5 tally under different subsidy schemes. The focus is on wind power plants as they make up the largest share in the expansion of renewable energies in Germany now and in the foreseeable future. The present study concentrates solely on the incentives to invest in these installations. Other aspects, as e.g. a possibly easier meeting of national targets within the EU by the use of certificates trading will not be assessed. 4 As we will show in detail later, wind power plants can represent all types of power plants with zero marginal costs of production. 2. Support schemes for renewable energies Support schemes for power generation from renewable energies vary from country to country and also over time (see Table 1). While there have been direct subsidies e.g. in the beginning of the nineties in Germany, the support scheme type has been changed to a feedin tariff with a fixed remuneration later. A more detailed description can be found e.g. in Wüstenhagen et al For an international comparison see IEA Table 1: Overview on important support schemes for power generation from renewable energies (based on Meyer 2003, Bode 2005) Name Feed-in tariff Quota model Tender Direct subsidies Core feature Remuneration is paid for each kilowatt hour (kwh) fed into the grid. The amount is fixed for a longer period of time. Certain market participants (e.g. producers or consumers) are obliged to obtain a certain share of their total production or consumption from renewable energies. To support compliance with the quota requirements, regularly a RECS is installed. *) A public body puts a certain amount of electricity from renewable energies to tender. The winning bidders get a guaranteed remuneration per kwh of electricity for the contracted period. Capital costs are partially or fully funded by a public body. *) It must be pointed out that the certificate trading system only allows for a cost-efficient achievement of the objective. The system does not support power generation from renewable energies itself. This is only achieved by establishing a target / quota. In recent past especially the so-called feed-in tariffs and so-called quota models based on certificates moved into the centre of discussion. The present study therefore concentrates on these two types of support schemes. The authors emphasize that especially on an interna- 4 It should be mentioned that renewable energy certificates can be traded on both company as well as country level, meaning that the instruments discussed in the following can also co-exist on different levels, respectively. 5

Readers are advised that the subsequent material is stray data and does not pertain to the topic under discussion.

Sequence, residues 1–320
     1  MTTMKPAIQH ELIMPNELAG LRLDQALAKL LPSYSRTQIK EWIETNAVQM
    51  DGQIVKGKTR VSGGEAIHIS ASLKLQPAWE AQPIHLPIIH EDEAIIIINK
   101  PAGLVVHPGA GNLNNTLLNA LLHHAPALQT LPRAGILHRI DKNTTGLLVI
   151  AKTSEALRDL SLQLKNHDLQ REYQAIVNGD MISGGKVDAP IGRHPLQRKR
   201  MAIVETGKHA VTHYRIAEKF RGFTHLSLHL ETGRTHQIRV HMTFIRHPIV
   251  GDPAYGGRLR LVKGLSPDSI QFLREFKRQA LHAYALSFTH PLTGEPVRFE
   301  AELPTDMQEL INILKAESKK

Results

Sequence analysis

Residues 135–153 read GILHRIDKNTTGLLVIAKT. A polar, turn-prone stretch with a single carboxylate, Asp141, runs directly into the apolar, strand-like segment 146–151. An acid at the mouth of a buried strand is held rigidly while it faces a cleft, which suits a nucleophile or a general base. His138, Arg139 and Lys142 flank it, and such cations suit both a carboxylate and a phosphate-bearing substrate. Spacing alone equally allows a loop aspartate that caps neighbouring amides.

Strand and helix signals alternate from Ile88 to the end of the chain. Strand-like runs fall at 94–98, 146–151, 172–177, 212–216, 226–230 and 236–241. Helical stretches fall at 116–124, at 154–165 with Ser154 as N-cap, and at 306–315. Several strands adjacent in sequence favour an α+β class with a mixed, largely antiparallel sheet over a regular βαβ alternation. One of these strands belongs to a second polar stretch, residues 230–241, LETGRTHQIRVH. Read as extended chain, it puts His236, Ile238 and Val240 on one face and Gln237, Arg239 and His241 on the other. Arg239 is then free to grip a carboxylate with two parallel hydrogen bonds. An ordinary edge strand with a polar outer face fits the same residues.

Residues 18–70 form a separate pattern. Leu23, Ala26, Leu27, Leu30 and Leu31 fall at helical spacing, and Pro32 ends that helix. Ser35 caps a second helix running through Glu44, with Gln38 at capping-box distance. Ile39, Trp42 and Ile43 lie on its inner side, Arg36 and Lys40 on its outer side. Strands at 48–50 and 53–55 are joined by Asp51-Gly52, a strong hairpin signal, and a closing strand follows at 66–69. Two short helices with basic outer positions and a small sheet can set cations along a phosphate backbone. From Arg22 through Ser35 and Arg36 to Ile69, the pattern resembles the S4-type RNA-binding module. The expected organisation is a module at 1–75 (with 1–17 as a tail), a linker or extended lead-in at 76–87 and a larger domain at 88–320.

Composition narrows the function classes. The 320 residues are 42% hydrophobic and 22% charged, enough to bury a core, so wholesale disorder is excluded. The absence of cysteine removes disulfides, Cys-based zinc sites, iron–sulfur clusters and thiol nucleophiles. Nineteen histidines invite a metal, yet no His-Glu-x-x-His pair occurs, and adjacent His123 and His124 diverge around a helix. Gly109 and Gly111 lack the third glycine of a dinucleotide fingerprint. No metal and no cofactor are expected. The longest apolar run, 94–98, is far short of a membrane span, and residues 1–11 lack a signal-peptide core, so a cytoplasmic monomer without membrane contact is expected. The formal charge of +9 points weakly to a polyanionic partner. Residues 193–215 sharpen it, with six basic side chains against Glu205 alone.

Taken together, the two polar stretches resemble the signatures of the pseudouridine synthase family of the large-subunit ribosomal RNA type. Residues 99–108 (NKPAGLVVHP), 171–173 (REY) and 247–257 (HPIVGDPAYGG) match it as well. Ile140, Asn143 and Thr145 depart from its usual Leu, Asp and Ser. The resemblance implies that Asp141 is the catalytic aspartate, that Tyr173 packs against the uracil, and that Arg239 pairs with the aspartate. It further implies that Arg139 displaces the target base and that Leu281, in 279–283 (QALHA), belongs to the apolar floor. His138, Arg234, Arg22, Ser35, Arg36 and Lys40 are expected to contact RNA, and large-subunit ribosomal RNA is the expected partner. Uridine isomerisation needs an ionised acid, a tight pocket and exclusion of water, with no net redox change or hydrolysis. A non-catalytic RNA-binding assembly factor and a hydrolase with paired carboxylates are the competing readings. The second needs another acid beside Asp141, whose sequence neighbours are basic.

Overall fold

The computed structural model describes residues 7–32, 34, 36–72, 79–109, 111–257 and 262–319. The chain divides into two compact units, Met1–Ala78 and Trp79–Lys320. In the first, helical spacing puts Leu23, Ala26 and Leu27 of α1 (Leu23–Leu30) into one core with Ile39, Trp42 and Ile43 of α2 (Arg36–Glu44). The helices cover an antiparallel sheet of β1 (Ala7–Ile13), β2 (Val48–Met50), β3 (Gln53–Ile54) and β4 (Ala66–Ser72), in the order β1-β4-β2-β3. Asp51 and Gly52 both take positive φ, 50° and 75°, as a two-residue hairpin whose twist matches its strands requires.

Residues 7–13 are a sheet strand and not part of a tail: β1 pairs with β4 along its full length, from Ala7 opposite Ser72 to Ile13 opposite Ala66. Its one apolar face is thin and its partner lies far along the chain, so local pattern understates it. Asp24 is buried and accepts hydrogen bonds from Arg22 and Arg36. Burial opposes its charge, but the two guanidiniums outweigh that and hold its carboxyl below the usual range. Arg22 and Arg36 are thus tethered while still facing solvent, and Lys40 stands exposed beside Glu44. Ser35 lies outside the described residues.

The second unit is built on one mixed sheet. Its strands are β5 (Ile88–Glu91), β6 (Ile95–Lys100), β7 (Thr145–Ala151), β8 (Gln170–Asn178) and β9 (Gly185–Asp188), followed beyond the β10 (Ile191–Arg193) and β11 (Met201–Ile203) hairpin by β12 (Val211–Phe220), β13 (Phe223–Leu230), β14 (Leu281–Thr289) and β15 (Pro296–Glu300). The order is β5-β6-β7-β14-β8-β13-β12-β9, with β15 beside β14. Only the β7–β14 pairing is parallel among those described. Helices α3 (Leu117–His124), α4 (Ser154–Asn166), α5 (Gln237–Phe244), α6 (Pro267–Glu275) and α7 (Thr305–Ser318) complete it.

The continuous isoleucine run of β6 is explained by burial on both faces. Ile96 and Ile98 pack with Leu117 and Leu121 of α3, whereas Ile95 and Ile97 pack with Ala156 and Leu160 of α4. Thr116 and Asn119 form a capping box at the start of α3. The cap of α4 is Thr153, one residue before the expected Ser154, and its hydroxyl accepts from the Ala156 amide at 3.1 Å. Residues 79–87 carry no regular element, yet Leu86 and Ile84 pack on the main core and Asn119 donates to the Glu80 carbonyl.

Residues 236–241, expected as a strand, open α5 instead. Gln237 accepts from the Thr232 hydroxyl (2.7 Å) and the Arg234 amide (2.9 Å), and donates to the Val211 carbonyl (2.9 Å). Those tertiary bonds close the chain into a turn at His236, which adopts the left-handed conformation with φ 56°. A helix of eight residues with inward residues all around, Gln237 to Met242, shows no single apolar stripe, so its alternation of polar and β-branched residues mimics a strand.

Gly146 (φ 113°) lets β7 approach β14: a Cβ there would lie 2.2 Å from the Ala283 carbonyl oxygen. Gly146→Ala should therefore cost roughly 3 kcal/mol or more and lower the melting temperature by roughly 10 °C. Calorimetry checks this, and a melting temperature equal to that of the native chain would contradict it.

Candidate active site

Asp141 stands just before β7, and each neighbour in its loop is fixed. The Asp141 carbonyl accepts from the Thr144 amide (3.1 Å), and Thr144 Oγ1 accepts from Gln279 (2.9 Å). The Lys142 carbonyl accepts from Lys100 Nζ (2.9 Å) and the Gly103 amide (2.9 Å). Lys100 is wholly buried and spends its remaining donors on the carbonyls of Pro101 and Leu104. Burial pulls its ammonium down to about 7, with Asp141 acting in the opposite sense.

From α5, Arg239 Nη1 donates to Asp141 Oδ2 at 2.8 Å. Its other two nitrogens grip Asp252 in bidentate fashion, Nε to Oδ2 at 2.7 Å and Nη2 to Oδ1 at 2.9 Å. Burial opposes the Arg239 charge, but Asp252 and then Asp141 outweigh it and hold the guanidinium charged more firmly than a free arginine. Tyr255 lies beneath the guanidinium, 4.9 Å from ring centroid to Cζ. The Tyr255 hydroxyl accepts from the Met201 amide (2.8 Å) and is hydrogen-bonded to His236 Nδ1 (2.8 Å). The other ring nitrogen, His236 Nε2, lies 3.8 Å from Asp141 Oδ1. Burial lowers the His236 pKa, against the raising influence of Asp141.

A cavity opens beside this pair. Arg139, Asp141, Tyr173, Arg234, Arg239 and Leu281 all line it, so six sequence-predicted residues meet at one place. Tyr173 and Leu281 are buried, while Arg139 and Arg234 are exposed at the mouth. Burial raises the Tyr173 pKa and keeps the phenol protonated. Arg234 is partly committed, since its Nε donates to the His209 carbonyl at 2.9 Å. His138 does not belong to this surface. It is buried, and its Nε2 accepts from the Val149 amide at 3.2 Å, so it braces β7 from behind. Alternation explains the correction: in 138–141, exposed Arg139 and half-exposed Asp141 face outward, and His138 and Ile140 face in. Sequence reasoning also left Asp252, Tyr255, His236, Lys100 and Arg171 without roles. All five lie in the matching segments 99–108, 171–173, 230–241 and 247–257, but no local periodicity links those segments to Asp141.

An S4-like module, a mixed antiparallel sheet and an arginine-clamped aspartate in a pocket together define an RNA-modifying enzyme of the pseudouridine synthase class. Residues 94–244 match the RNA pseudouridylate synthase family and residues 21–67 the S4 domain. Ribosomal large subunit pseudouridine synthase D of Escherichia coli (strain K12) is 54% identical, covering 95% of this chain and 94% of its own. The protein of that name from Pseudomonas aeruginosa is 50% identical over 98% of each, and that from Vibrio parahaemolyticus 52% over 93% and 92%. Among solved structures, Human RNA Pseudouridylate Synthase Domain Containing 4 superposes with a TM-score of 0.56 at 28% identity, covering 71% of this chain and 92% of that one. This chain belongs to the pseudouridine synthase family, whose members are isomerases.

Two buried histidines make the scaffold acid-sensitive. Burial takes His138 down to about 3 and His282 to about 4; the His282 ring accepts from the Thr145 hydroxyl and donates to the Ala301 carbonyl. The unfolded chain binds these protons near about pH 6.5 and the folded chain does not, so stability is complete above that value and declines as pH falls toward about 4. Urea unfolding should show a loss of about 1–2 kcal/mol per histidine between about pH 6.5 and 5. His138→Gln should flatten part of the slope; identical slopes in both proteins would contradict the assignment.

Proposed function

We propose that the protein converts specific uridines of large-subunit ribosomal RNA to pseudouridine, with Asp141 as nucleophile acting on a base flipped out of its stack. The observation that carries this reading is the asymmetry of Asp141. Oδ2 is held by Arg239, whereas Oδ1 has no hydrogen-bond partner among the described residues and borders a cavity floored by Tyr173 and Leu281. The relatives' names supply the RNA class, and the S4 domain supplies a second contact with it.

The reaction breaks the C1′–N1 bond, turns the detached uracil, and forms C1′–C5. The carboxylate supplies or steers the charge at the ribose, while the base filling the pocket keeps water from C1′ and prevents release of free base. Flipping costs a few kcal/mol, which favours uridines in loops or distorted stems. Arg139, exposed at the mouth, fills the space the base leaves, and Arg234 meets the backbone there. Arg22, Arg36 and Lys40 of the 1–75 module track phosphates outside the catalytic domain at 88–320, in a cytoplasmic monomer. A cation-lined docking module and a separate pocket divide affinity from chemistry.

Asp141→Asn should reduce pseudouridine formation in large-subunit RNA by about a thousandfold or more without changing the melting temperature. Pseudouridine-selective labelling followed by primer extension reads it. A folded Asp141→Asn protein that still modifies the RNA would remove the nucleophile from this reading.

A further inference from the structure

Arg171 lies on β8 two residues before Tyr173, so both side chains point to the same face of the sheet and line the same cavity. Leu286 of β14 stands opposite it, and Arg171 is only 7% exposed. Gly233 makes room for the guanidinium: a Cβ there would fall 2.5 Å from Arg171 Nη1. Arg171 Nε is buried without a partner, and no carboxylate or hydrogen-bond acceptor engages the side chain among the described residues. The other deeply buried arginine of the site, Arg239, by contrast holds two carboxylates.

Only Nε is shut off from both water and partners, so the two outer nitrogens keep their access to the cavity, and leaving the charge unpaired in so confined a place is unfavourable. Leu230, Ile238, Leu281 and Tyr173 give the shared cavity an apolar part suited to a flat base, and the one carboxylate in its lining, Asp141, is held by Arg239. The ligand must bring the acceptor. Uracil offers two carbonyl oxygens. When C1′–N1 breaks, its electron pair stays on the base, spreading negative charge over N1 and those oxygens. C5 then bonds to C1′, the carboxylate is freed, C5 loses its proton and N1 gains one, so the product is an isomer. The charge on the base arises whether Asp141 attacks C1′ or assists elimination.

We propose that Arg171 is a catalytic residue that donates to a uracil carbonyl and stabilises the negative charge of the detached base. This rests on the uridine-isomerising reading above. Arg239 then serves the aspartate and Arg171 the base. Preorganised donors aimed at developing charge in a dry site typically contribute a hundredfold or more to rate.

6 tional level there has not yet evolved a formal or common-sense definition. That is why the following descriptions display the authors understanding. Feed-in tariffs In case of a feed-in tariff in place, plant operators receive a fixed remuneration for each Kilowatt-hour (kwh) fed into the electricity grid. The remuneration may differ depending on type, age and location (and further factors) of the respective installations. With regard to the desired increase in market share the Stromeinspeisungsgesetz (law on feeding-in electricity into the grid; abbrev. StrEG), introduced in Germany in the year 1990 and today s German EEG proved to be effective models. The EEG has been adopted in numerous countries within the EU in a similar form, as e.g. in Spain, Austria, France, Greece, Ireland, Portugal and the Netherlands (REN ). The actual designs and remunerations show a wide bandwidth. Tariffs are oriented towards the total average costs of power generation (TAC) and offer an incentive to potential plant operators to invest in installations that use renewable energies. Critics argue against feed-in tariffs that the right remuneration is difficult to identify and therefore there is a risk of too much or too little support. Due to the wide variety of specific feed-in tariff modes especially with regard to the respective technology the promotion is not efficient in a strict economic sense, because the employed financial resources are not used to achieve a maximum in power generation from renewable energies. But it has to be pointed out that the variety of modes itself is lead by political, rather than purely economical objectives. This has to be considered in the following comparison of support schemes. Proponents of the EEG model emphasise that this is actually intended to promote such a wide variety of technologies and also to promote a broad distribution of plants with the aim of a decentralised energy supply. Quota models based on certificates With a quota model in place, certain market participants e.g. producers or retailers get bound to a quota, meaning they are obliged to obtain a certain share of the produced or sold amount of electricity from installations using renewable energies. To comply with this given quota, it is possible to use so-called renewable energy certificates, too. 5 These are a proof for having produced a certain amount of electricity in a power plant using renewable energies often certificates are issued to an amount of one MWh. 6 The RECs or GoOs are generated and sold by the plant operators, the electricity produced is directly fed-in to the electricity grid (Figure 1). When further designing such schemes, there are a number of degrees of freedom. For example, it has to be defined, if a quota shall apply to production or consumption. This decision has consequences for the question whether or not foreign power generation can be credited against the national quota. Furthermore it has to be considered if certificates can be carried over into the next obligation period ( banking ) or if it should be possible to issue bonds on future period certificates ( borrowing ). Both methods can help to absorb strong 5 6 With the European Energy Certificate System (EECS), a EU-wide system is already available. On this the EU draft directive defines the term Guarantee of Origin (GoO). 6